familiar that once heard, it could never be forgotten. Indeed, some music is so perfect and so sweet that it seems to have always existed; and when first heard, even by the composer, it feels familiar.
The score of My Fair Lady is an album of fresh, familiar and perfect songs ordered to spring on cue from Shaw’s satire: a retelling of the myth of Pygmalion. Each song is motivated entirely by the needs of the characters, who can best express what they need and feel only in song. Lerner and Loewe changed the modality of Shaw’s play, and they changed the play’s point of view.
This shift in perspective is registered at once by the title change. Shaw’s 1912 comedy is centered on the title character, Pygmalion, the King of Cyprus in Greek myth, the sculptor in Ovid, the creator of Galatea in W.S. Gilbert. But while the musical centers on the Fair Lady, the title not only includes the possessive pronoun My, anchoring the perspective with Higgins, but also echoes the alarming nursery rhyme about London bridges falling down. This is all to say that the creators of My Fair Lady transformed Shaw’s masterpiece into one of the greatest musical comedies of the 20th century.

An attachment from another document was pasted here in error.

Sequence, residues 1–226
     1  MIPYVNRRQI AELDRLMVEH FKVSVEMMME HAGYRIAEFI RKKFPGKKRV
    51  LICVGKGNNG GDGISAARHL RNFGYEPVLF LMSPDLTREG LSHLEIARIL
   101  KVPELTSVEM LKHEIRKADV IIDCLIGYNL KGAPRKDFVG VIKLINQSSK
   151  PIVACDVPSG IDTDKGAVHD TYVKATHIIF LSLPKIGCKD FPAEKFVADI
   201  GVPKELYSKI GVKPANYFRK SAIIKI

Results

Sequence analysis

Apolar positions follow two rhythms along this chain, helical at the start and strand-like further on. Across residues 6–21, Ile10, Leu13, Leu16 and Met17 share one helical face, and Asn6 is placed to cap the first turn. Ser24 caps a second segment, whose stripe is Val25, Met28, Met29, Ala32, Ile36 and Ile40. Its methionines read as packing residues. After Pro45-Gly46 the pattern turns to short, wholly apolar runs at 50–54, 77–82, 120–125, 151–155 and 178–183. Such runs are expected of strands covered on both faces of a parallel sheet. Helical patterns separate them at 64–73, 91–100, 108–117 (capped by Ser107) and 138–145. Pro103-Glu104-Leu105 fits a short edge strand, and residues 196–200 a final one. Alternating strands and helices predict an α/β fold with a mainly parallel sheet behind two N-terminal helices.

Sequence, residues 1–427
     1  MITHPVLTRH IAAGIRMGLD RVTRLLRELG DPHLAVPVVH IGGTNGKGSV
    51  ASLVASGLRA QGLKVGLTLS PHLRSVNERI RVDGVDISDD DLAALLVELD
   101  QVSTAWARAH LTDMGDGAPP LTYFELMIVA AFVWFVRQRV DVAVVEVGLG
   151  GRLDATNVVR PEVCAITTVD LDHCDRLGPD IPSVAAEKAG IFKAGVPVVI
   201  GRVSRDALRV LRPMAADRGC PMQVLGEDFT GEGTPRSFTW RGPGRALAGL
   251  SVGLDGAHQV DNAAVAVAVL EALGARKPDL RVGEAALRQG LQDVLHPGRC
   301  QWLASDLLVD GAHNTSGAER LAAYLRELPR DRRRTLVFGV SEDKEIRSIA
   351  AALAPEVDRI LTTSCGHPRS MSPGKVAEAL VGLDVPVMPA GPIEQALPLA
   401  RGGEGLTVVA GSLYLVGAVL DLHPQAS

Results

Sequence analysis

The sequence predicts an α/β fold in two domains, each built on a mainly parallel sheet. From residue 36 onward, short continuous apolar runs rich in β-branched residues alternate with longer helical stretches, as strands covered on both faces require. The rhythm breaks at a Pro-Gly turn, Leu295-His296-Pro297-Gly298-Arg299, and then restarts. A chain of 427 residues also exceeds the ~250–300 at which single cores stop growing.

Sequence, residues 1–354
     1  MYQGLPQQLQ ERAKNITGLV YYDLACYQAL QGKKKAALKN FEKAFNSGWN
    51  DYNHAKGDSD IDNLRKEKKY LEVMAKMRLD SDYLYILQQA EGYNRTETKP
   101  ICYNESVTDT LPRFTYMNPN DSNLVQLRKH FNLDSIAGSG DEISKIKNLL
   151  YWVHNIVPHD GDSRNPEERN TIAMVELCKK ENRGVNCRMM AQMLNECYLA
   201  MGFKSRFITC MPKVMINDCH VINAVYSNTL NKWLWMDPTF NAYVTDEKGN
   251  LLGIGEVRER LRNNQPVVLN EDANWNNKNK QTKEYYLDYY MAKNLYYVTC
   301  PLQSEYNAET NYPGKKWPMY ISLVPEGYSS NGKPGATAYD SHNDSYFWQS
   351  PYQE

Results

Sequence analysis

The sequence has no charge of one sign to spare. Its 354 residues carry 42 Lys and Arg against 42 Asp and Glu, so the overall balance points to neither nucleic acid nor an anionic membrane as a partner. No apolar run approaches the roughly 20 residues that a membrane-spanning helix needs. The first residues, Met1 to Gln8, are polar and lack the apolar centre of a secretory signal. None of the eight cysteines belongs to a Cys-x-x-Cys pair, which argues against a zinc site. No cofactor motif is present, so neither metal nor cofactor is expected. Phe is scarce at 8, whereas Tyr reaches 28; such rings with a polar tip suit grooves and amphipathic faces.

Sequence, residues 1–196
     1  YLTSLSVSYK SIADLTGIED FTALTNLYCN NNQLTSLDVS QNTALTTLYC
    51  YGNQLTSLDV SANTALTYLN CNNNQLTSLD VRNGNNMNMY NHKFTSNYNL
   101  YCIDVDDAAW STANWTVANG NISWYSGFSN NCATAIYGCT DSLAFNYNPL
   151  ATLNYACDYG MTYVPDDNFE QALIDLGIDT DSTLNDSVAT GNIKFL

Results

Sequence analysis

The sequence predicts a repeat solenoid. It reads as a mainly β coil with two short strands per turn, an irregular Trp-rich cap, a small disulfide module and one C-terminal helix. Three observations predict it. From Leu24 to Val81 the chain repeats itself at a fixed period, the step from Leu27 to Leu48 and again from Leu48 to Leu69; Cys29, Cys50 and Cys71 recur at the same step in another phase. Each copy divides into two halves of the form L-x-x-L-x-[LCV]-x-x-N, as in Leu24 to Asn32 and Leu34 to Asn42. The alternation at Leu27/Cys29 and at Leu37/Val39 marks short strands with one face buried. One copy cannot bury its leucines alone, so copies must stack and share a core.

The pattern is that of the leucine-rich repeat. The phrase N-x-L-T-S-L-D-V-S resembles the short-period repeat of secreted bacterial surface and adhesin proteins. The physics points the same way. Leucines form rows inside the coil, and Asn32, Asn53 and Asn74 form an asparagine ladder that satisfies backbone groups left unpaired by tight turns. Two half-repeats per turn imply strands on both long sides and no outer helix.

Of course none of this was known to me as a teenager, but there was something in the evident perfection of My Fair Lady that I did want to know about, to really understand, and perhaps try to be a part of creating myself. I spent the rest of that winter weekend cutting up shirt-cardboards and taping together a model of the musical’s set. I never guessed, over those magical hours, that I would be doing that for the rest of my life.